Boilerplate (further assurance (ensures that a party will be bound to…
ensures that a party will be bound to execute any additional documents and/or to do any further things required to perfect the transaction or matter which is the subject of the contract.
agency for service
where a contracting party is domiciled abroad, this clause appoints an agent located in E&W jurisdiction so should a dispute arise under the contract, documents can be served to that agent instead, saving time/cost/effective service risk.
agreements to agree
Prima facie, A2A (or A2negotiate) are not legally binding due to uncertainty. This clause can be used to reflect the parties position on A2A/A2N (1) maximise enforceability of matters to be agreed at a future date i.e. 'to act in good faith', 'agree X that are fair and equitable', 'act reasonably' (2) minimised any A2A being interpreted.
how parties wish to control the manner in and extent to which information about the transaction is released to the public.
where disputes are to be settled via arbitration
controlling the assignment of any benefits under a contract to a third party
The purpose of a severance clause is to enable such contract terms to be removed or “severed” from the contract (e.g. illegal, void or unenforceable), leaving the remainder of the contract intact.
Bribery Act 2011
purpose of the Act was to address concerns raised by the OECD about the adequacy of the UK's anti-corruption laws; no distinction between bribery in the public & private spheres.
change in law
primarily deals with the allocation of risk resulting from changes in law e.g. changes in performance, cost implications and may be used as a mechanism for dealing with particular types of changes.
deals with a condition(s) that has to be met before a contract, or certain parts of it, comes into effect.
retention of title
The purpose of an ROT clause is to protect the supplier from the risk of the buyer defaulting on payment.
price & payment
included to cover one or more of the following; price, price variation, service credits, making payment, disputed invoices, late payment, set off, payments on termination, the eurozone and tax
counterparts & duplicates
Often a party is required to produce an original of a contract for stamp duty or evidential purposes; can be (1)counterparts (i.e. each party keeps one half of the executed contract) or (2)duplicates (i.e. parties execute multiple copies of a contract).
remedies cumulative & exhaustive
makes certain where parties want (1) the innocent party to a breach to be entitled to seek remedy both under its common law rights in addition to its express rights under a contract (terminate under an express right and sue for damages under common law right where the contract is silent) or (2) where parties only want sole remedies in the event of a particular breach e.g. service level breach should to be service credits only.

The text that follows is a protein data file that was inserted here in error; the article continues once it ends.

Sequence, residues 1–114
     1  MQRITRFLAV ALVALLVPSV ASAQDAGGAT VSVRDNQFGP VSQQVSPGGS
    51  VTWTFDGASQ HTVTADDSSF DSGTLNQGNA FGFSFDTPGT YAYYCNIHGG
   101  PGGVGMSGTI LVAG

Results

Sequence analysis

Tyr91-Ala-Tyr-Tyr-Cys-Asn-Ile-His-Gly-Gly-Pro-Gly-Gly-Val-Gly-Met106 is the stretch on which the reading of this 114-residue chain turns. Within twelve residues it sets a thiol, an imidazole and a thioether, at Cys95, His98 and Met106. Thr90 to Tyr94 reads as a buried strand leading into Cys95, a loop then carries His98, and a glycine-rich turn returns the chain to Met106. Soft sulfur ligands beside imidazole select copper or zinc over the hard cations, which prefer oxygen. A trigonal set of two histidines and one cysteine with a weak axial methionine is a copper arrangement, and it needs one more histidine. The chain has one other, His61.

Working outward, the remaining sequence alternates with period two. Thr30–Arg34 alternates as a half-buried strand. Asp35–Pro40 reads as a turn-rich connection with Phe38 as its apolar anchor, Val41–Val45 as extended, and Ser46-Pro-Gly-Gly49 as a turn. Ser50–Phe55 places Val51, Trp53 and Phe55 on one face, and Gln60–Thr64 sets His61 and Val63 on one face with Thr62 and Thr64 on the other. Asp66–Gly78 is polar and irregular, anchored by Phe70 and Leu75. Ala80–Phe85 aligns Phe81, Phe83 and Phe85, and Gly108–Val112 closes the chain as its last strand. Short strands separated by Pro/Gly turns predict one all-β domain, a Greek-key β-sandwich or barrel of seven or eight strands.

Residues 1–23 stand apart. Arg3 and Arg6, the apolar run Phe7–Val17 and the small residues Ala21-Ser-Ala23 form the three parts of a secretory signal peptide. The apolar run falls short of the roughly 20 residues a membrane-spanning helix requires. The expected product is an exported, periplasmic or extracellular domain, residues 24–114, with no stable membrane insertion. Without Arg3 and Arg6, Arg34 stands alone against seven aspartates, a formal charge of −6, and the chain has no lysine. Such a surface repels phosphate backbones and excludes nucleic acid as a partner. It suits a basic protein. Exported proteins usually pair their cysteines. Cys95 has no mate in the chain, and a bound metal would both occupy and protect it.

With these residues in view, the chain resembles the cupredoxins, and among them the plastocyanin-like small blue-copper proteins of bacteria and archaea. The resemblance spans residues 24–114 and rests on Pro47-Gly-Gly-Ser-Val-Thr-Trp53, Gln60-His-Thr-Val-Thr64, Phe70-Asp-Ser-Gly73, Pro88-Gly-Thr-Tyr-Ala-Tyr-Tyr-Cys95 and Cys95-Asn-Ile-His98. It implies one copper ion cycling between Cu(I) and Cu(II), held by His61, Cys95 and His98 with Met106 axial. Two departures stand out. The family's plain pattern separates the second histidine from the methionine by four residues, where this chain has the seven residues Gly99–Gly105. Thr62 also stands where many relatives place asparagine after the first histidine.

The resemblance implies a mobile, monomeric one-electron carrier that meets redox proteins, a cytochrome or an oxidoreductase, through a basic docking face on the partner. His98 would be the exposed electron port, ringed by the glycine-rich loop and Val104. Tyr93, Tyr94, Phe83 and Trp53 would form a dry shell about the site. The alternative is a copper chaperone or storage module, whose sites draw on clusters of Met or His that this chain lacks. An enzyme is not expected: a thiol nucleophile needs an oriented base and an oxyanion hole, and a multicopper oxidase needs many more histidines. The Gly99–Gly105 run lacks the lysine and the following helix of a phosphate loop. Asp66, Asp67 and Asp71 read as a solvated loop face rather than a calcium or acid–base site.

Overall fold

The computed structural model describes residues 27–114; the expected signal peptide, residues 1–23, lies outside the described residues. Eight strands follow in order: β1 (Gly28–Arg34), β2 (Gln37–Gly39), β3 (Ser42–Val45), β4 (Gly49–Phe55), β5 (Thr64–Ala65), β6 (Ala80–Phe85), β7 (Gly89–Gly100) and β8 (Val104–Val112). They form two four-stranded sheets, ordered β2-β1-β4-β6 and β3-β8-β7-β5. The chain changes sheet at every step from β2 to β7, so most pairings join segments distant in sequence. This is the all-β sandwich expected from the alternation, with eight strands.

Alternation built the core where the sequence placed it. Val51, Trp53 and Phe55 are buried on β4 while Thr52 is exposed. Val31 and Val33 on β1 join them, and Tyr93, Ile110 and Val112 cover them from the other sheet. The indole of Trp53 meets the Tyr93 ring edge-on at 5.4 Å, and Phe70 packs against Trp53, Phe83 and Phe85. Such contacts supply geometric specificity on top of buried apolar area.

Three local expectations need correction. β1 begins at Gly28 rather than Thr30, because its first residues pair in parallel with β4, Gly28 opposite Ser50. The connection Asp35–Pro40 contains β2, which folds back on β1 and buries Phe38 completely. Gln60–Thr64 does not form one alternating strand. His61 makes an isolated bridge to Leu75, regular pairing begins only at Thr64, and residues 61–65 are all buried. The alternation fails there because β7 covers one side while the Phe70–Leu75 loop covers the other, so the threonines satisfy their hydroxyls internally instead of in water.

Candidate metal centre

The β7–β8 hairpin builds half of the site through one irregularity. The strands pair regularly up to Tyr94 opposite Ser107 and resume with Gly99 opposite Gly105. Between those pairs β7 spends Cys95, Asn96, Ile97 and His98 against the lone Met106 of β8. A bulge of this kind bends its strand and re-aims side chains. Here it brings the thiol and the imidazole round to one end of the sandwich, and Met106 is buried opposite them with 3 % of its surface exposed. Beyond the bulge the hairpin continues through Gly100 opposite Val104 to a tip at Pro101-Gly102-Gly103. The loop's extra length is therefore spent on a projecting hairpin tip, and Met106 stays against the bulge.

litigation, arbitration, expert determination, ADR (mediation, conciliation etc) or combination of the above.
used to remove the risk of any pre-contractual representations being interpreted as forming part of the contract.
escalation of disputes
used to introduce a 'tiered' dispute resolution clause.
no partnership or agency
purpose is to avoid an unintended partnership or agency relationship between the parties arising.
Modern Slavery Act 2015
this can be used to insert into supply chain contracts to facilitate the management of both reputational risk and the compiling of their reports.
agreement in advance in the contract that a certain sum will be payable by the breaching party to the other party on the occurrence of a specified breach.
plugs the gap left by the doctrine of frustration
determines the jurisdictional court in which any dispute from the contract arises.
which law will determine the rights and obligations of the parties under the contract (subject to exceptions)
hardship clause is a mechanism for dealing with the situation where unexpected events or circumstances make a party’s performance of a contract much more onerous than what was contemplated at the outset.
inadequacy of damages
used where it may be more important to the innocent party that the other party is required to perform, or is stopped from breaching, that obligation than that the innocent party has a damages claim for losses arising from the breach.
used to stipulate the primary liabilities of either party to a contract. Indemnities can operate as an effective risk allocation mechanism; setting out which of the parties to a transaction should bear the risk of the specified losses/liabilities.
makes it clear that each party is entering into the contract as principal and not as the agent of or for the benefit of another person.
If a contract allocates risk and liability, one party may choose or be required to cover the liability allocated to it by insurance. Insurance also protects the party to whom the liability is owed so that if the party accepting the liability is unable to discharge its liability, the insurance will step in.
joint & several liability
(1) joint liability is a join promise by two (or more) parties to do the same thing) - performance by one will discharge the others (2) several two (or more) parties make a separate promise to do something and each is only liable for its own obligation - discharge by one does not discharge another.
commonly used to describe one party clearly and unequivocally granting a concession (or, as it is often referred to in legal commentaries, forbearance) to the other party by not insisting on compliance with a contractual term - usually drafted to equate to a 'no waiver'!
interest & late payment
costs & expenses
export control & sanctions
background, definitions & interpretation
termination & the consequences
third party rights